# Introduction¶

*PyTorch Geometric Temporal* is an temporal graph neural network extension library for PyTorch Geometric. It builds on open-source deep-learning and graph processing libraries. *PyTorch Geometric Temporal* consists of state-of-the-art deep learning and parametric learning methods to process spatio-temporal signals. It is the first open-source library for temporal deep learning on geometric structures. First, it provides discrete time graph neural networks on dynamic and static graphs. Second, it allows for spatio-temporal learning when the time is represented continuously without the use of discrete snapshots. Implemented methods cover a wide range of data mining (WWW, KDD), artificial intelligence and machine learning (AAAI, ICONIP, ICLR) conferences, workshops, and pieces from prominent journals.

# Citing¶

If you find *PyTorch Geometric Temporal* useful in your research, please consider adding the following citation:

```
>@misc{pytorch_geometric_temporal,
author = {Benedek, Rozemberczki and Paul, Scherer},
title = {{PyTorch Geometric Temporal}},
year = {2020},
publisher = {GitHub},
journal = {GitHub repository},
howpublished = {\url{https://github.com/benedekrozemberczki/pytorch_geometric_temporal}},
}
```

We briefly overview the fundamental concepts and features of PyTorch Geometric Temporal through simple examples.

# Data Structures¶

## Discrete Dataset Iterators¶

PyTorch Geometric Tenporal offers data iterators for discrete time datasets which contain the temporal snapshots. There are two types of discrete time data iterators:

`StaticGraphDiscreteSignal`

- Is designed for discrete spatio-temporal signals defined on a**static**graph.`DynamicGraphDiscreteSignal`

- Is designed for discrete spatio-temporal signals defined on a**dynamic**graph.

### Static Graphs with Discrete Signal¶

The constructor of a `StaticGraphDiscreteSignal`

object requires the following parameters:

`edge_index`

- A**single**`NumPy`

array to hold the edge indices.`edge_weight`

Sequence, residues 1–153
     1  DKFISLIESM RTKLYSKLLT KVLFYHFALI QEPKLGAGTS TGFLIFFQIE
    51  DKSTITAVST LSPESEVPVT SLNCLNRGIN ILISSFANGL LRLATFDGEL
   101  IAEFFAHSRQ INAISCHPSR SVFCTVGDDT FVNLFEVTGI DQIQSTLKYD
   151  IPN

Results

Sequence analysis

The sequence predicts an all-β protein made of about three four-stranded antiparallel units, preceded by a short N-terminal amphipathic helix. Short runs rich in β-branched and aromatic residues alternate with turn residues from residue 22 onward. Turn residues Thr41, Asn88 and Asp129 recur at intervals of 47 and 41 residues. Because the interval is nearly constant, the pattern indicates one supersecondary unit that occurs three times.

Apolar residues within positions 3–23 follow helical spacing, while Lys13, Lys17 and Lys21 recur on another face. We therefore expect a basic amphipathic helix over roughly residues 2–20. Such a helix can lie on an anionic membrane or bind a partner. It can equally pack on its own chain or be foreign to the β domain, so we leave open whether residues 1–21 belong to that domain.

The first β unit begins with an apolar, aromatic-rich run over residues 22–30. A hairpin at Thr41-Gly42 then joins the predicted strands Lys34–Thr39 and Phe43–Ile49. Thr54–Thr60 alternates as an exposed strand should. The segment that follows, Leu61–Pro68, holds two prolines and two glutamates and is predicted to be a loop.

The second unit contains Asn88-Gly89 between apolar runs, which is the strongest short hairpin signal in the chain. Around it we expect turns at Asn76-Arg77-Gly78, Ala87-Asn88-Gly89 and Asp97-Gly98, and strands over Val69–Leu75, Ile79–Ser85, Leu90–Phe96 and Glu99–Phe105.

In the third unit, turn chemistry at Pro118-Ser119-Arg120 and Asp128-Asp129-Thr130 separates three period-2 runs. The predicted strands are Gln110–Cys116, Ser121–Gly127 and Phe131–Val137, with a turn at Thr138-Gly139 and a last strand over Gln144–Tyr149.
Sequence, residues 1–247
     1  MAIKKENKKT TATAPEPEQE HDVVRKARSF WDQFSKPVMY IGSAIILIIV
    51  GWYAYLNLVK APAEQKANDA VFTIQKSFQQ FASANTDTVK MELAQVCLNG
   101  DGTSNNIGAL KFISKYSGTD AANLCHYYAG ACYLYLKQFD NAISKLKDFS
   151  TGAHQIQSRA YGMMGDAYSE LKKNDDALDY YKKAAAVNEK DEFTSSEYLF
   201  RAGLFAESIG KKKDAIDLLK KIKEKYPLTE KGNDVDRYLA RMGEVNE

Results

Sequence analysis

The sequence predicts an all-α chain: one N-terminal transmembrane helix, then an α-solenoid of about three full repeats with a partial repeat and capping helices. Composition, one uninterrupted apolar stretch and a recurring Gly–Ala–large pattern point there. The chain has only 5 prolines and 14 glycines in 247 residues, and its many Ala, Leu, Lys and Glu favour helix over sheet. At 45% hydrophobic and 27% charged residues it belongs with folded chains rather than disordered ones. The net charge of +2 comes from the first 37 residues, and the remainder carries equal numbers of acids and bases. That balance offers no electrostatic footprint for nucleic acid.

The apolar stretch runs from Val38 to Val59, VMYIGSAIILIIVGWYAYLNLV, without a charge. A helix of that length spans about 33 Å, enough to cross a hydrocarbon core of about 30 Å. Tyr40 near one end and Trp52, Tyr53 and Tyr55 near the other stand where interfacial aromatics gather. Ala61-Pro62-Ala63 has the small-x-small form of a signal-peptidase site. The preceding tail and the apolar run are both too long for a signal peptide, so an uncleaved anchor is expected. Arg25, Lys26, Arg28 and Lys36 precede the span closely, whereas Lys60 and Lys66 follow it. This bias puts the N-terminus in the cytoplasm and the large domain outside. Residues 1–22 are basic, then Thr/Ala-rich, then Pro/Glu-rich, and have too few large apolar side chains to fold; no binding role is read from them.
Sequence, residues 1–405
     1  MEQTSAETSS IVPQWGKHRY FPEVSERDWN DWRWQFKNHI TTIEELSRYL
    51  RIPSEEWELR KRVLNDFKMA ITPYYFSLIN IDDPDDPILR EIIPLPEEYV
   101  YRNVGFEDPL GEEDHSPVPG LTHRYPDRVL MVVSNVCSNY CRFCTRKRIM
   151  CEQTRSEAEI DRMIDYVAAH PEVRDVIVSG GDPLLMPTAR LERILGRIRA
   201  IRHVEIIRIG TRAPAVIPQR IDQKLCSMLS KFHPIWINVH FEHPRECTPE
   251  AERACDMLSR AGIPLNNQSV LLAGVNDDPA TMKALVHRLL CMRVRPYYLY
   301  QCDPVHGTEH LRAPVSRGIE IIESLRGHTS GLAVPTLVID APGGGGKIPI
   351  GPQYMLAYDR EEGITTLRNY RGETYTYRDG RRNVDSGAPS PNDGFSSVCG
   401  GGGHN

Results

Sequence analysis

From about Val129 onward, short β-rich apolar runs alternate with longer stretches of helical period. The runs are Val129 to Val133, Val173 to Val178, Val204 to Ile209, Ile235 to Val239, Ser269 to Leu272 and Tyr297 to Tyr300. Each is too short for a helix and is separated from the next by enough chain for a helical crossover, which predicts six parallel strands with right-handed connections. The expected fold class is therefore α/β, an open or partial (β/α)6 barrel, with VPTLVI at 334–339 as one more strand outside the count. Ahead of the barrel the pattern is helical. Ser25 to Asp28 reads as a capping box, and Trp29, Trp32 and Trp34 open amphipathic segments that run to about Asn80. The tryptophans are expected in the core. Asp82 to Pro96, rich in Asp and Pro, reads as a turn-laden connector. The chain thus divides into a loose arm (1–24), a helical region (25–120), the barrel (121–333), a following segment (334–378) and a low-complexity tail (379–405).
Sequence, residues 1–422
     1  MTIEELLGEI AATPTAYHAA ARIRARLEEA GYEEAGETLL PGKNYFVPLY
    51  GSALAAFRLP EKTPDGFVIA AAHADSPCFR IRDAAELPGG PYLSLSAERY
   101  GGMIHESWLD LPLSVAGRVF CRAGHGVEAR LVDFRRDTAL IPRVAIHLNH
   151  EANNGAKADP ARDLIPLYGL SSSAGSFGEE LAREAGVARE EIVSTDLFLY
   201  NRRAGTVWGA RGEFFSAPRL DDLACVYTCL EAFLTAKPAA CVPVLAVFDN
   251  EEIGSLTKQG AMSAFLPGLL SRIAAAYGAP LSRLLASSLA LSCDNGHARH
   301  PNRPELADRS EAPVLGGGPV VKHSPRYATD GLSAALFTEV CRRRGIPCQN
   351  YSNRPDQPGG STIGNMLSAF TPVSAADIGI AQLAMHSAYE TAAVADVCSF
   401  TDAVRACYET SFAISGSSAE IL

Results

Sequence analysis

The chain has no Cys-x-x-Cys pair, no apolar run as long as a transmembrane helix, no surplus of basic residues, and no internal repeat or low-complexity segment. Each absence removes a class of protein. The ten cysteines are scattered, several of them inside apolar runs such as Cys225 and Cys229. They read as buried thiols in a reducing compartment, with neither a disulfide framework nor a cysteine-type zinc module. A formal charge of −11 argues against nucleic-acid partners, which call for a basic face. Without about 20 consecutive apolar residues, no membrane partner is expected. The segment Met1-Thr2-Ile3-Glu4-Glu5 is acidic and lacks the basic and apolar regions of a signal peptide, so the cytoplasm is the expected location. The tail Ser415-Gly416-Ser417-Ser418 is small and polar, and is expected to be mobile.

- A**single**`NumPy`

array to hold the edge weights.`features`

- A**list**of`NumPy`

arrays to hold the vertex features for each time period.`targets`

- A**list**of`NumPy`

arrays to hold the vertex level targets for each time period.

### Static Graphs with Dynamic Signal¶

The constructor of a `DynamicGraphDiscreteSignal`

object requires the following parameters:

`edge_indices`

- A**list**of`NumPy`

arrays to hold the edge indices.`edge_weights`

- A**list**of`NumPy`

arrays to hold the edge weights.`features`

- A**list**of`NumPy`

arrays to hold the vertex features for each time period.`targets`

- A**list**of`NumPy`

arrays to hold the vertex level targets for each time period.

### Temporal Snapshots¶

A discrete temporal snapshot is a PyTorch Geometric `Data`

object. Please take a look at this readme for the details. The returned temporal snapshot has the following attributes:

`edge_index`

- A PyTorch`LongTensor`

of edge indices used for node feature aggregation (optional).`edge_attr`

- A PyTorch`FloatTensor`

of edge features used for weighting the node feature aggregation (optional).`x`

- A PyTorch`FloatTensor`

of vertex features (optional).`y`

- A PyTorch`FloatTensor`

or`LongTensor`

of vertex targets (optional).

## Benchmark Datasets¶

We released and included a number of datasets which can be used for comparing the performance of temporal graph neural networks algorithms. The related machine learning tasks are node and graph level supervised learning.

### Discrete Time Datasets¶

In case of discrete time graph neural networks these datasets are as follows:

The Hungarian Chickenpox Dataset can be loaded by the following code snippet. The `dataset`

returned by the public `get_dataset`

method is a `StaticGraphDiscreteSignal`

object.

```
from torch_geometric_temporal.data.dataset import ChickenpoxDatasetLoader
loader = ChickenpoxDatasetLoader()
dataset = loader.get_dataset()
```

## Train-Test Splitter¶

### Discrete Train-Test Splitter¶